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U.S. Senate approves Inter-American Convention Against Terrorism

Convention called important tool in war on terror, organized crime

Posted: October 13, 2005

Washington -- The U.S. Senate approved October 7 the Inter-American Convention Against Terrorism, which has received the strong support of the Bush administration.

The administration had reaffirmed its firm support for the counterterrorism convention in a letter from Assistant U.S. Attorney General for Legislative Affairs William Moschella urging the Senate to approve the measure. Moschella wrote that the Bush administration "strongly" supported the convention.

U.S. Senator Jeff Sessions (Republican of Alabama) said on the Senate floor before the agreement was approved that the convention would provide an important tool "in our war against terrorism and organized crime." Sessions is a member of the Senate Subcommittee on Terrorism, Technology and Homeland Security.

The United States signed the convention in June 2002, but Senate approval was needed before the United States could ratify the Western Hemisphere counterterrorism measure. For the anti-terrorism convention to become officially approved by the United States, the Senate’s ratification must be subsequently signed and registered ("deposited") by President Bush at the Organization of American States (OAS).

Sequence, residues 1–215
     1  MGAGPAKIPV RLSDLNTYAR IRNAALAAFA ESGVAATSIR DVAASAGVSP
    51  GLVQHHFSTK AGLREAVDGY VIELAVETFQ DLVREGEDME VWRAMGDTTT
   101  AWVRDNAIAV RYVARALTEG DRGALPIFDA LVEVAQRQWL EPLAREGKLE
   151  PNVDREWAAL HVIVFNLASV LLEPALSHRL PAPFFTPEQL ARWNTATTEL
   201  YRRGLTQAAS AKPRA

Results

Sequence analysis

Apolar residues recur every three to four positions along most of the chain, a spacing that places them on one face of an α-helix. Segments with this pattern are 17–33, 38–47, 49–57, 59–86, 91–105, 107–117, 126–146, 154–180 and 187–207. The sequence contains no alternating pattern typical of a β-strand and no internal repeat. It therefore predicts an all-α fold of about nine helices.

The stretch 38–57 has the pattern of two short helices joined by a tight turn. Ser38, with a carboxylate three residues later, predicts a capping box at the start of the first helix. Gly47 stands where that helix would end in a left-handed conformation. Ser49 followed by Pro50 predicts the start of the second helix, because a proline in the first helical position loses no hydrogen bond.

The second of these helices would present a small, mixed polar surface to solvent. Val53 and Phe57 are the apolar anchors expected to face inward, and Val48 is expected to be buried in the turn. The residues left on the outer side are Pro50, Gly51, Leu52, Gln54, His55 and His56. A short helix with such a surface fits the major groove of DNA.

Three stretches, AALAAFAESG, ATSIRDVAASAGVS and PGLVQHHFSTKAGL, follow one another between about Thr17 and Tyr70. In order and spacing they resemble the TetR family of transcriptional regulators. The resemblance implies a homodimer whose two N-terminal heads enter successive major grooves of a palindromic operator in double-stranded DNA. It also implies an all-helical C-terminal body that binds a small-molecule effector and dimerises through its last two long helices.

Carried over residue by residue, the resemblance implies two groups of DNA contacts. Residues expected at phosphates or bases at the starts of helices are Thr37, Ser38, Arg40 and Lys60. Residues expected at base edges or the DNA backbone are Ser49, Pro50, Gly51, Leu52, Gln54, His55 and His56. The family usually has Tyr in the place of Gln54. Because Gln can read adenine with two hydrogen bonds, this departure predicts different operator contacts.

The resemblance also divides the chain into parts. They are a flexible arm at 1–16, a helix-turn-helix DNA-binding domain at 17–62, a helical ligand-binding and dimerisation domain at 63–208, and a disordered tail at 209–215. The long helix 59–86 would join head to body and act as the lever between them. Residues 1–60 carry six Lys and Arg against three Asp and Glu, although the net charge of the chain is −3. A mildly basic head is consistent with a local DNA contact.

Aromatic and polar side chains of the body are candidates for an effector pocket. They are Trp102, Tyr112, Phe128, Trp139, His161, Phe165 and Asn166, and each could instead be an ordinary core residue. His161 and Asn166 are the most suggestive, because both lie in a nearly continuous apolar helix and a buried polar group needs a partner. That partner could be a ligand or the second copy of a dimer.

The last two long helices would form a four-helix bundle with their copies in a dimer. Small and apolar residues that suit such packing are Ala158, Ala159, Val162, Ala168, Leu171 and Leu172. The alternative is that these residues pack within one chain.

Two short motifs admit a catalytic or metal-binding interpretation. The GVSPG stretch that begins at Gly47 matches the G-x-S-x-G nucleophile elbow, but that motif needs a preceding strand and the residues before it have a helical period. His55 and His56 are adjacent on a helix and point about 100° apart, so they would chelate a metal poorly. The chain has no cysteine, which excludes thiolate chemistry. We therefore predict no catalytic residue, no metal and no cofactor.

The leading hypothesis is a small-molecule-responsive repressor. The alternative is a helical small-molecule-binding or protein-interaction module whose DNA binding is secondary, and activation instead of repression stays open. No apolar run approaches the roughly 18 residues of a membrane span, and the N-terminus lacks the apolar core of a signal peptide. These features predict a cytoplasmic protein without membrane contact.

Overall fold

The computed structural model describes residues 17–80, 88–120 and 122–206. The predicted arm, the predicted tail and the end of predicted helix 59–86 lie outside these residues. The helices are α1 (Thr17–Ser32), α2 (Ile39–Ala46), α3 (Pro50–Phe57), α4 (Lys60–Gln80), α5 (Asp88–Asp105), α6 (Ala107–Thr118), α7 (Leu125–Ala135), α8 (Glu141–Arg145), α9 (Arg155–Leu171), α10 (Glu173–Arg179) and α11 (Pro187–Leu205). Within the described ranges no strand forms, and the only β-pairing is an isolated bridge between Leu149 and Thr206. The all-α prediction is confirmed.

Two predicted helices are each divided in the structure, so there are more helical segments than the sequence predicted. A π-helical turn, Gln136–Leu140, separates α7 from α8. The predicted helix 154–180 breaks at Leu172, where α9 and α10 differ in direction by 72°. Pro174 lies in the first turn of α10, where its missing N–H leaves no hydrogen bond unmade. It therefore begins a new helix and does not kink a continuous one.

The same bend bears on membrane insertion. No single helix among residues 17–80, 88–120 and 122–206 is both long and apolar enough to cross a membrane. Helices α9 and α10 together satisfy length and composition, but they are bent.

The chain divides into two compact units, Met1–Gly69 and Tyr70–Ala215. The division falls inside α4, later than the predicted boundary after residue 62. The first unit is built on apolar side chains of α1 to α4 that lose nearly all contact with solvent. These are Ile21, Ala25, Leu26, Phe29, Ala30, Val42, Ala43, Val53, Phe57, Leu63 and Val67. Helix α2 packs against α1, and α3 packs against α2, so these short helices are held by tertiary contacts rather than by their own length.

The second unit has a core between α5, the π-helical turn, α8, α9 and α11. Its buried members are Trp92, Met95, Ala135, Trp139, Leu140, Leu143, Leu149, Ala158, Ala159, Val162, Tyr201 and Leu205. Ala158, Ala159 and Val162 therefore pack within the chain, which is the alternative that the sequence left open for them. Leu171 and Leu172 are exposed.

The OAS General Assembly adopted the pact in June 2002 in Bridgetown, Barbados.

The organization said the convention is the first international measure against terrorism negotiated after the September 11, 2001, attacks against the United States. The convention provides the legal framework for cooperation among the 34 OAS member states in the fight against terrorism.

The U.S. State Department pledged an additional $1.6 million in February to strengthen and expand counterterrorism coordination in the Western Hemisphere, bringing the total U.S. contribution to $5 million on this issue since the September 11 terrorist attacks. (See the State Department media note.)

According to the State Department report, Country Reports on Terrorism 2004, terrorists in the Western Hemisphere becoming increasingly active in illicit transnational activities, including the drug trade, arms trafficking, money laundering, contraband smuggling and document and currency fraud.

The report said the threat of international terrorism in the Western Hemisphere remained relatively low during 2004, compared to other world regions but added that terrorists might seek safe haven, financing, recruiting, illegal travel documentation, or access to the United States from the hemisphere.

Terrorism was also the subject of a September 2004 State Department electronic journal, The Global War on Terrorist Finance, available on the State Department Web site.

The text of Inter-American Convention Against Terrorism is available on the OAS Web site.

Eric Green
Washington File Staff Writer

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